At trial, defendant testified to a series of past crimes,including a misdemeanor larceny charge. Defendant further testified that he did not break into Lee and Lada's apartment because he [knew] the severity of what a breaking and entering like that is. On cross-examination, the State asked defendant what he meant by his statement. Defendant admitted to being charged with breaking and entering on a previous occasion, but pled guilty to misdemeanor larceny. The State then questioned defendant over defense counsel's objection about the facts of the misdemeanor larceny case.
Defendant's counsel attempted to cross-examine Lada about the punishment Lada received for a prior misdemeanor assault charge. Judge Hill allowed counsel to question Lada about the punishment generally, but did not allow counsel to question Lada regarding the judgment which prevented Lada from future association with any past, current or future member of the Shadow Device Crypt Gang. Defendant objected.
The jury found defendant guilty of first-degree burglary, assault with a deadly weapon inflicting serious injury, and assault inflicting serious injury. Judge Hill found as an aggravated factor that defendant joined with his father in committing the offense and was not charged with committing a conspiracy. At the sentencing hearing, defense counsel said I don't think I can argue with [the State] offering [this] aggravating factor . . . . Although I don't like it, there's not a whole lot I can say about that. The trial court did not find any mitigating factors and sentenced defendant within the aggravated range. Defendant appeals his conviction and his sentence.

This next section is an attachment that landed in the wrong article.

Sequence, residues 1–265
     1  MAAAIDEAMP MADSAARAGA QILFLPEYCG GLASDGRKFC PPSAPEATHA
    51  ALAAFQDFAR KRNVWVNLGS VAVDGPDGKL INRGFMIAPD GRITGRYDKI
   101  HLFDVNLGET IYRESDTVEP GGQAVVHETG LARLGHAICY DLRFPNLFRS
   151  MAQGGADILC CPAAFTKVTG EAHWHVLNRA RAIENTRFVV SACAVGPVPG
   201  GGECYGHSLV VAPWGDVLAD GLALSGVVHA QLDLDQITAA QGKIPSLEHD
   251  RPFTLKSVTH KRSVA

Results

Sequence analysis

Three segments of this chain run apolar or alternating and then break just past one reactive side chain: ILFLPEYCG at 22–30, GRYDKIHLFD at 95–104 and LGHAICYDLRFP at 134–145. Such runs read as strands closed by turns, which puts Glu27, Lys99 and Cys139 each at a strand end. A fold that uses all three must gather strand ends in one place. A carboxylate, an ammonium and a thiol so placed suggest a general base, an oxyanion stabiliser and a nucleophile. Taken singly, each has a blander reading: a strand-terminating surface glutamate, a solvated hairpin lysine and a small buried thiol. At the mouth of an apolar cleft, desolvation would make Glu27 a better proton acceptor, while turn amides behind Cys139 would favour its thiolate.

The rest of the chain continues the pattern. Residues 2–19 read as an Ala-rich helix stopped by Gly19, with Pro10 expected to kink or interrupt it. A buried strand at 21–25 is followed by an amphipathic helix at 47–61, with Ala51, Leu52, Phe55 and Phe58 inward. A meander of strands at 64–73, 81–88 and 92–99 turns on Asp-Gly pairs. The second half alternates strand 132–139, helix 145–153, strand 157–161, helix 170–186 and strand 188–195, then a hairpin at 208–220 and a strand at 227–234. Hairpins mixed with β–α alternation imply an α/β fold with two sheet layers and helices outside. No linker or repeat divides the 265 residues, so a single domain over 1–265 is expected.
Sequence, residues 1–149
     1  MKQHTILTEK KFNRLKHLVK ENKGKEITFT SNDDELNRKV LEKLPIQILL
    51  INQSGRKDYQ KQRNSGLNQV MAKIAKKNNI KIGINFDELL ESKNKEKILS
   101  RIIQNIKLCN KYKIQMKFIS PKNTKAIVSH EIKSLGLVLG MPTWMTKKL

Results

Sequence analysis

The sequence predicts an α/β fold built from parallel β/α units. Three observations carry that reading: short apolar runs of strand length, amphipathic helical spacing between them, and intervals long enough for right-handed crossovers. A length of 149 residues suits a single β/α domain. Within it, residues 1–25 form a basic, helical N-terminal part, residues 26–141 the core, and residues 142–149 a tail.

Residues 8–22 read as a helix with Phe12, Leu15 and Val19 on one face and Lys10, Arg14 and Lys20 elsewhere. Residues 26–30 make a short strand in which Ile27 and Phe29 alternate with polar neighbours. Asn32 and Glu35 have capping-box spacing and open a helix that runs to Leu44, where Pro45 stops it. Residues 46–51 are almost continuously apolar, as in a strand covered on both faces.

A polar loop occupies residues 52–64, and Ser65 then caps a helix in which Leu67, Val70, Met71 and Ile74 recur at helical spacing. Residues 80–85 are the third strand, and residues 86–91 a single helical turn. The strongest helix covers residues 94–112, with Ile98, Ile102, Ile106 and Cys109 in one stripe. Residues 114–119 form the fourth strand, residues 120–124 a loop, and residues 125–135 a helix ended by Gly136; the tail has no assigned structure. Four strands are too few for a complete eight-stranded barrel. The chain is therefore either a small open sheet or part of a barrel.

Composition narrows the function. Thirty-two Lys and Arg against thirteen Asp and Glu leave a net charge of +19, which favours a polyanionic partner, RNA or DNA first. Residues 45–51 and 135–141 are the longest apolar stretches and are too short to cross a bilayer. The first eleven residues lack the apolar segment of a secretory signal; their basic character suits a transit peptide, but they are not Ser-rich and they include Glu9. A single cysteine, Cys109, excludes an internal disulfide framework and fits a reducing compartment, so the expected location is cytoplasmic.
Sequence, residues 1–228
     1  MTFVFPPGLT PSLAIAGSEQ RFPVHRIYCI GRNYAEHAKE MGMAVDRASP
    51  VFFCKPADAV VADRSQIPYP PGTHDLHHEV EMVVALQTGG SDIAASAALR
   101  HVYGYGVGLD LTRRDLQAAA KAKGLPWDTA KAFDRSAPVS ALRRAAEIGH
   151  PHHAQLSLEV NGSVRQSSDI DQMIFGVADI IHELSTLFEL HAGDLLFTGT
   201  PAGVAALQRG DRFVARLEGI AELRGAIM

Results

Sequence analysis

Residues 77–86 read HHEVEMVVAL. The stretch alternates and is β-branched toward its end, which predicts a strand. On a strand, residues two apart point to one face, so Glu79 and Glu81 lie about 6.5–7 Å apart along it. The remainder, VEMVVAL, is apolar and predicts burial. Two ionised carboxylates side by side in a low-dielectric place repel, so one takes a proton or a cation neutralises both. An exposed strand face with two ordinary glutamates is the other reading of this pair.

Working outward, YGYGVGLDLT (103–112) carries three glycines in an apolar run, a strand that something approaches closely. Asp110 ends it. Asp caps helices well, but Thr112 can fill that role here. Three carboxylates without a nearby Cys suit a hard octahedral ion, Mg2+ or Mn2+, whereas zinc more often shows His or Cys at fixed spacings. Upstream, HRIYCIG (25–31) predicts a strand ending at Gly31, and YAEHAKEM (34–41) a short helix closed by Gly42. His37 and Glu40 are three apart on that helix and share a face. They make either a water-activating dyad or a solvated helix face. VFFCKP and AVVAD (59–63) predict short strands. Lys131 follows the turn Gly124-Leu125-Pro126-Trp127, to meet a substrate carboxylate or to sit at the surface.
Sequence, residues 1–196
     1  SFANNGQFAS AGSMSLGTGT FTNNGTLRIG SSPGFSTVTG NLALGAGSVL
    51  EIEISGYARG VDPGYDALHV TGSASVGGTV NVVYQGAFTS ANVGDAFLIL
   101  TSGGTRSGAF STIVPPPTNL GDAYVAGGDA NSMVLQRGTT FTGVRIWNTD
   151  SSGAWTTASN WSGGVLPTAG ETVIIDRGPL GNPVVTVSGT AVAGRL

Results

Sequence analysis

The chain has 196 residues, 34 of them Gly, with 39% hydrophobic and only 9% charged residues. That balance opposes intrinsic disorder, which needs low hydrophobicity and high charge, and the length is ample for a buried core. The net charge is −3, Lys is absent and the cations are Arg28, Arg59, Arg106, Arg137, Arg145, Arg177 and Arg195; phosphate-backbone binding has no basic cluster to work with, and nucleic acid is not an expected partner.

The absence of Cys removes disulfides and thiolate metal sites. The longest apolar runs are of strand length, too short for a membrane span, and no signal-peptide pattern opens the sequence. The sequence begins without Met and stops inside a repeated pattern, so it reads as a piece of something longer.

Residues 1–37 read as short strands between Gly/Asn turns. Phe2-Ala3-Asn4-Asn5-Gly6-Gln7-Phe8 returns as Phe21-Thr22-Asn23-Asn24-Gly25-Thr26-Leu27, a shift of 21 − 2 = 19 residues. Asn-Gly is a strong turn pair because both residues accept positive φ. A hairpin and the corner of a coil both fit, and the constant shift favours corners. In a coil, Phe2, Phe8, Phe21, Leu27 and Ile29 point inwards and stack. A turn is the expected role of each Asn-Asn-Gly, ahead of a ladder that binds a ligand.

[W]here the only evidence of the defendant's
intent to commit a felony in the building or
dwelling was the fact that the defendant
broke and entered a building or dwelling
containing personal property, the appellatecourts of this State have consistently and
correctly held that the trial judge must
submit the lesser included offense of
misdemeanor breaking and entering to the jury
as a possible verdict. . . . However, where
there is some additional evidence of the
defendant's intent to commit the felony named
in the indictment in the building or
dwelling, such as evidence that the felony
was committed . . . or evidence that the
felony was attempted, . . . or . . . evidence
that the felony was planned, and there is no
evidence that the defendant broke and entered
for some other reason, then the trial court
does not err by failing to submit the lesser
included offense of misdemeanor breaking and
entering to the jury as a possible verdict.
Patton, 80 N.C. App. at 305-6, 341 S.E.2d at 746-47, quoting State v. Thomas and State v. Christmas and State v. King, 52 N.C. App. at 196-97, 278 S.E.2d at 542-43.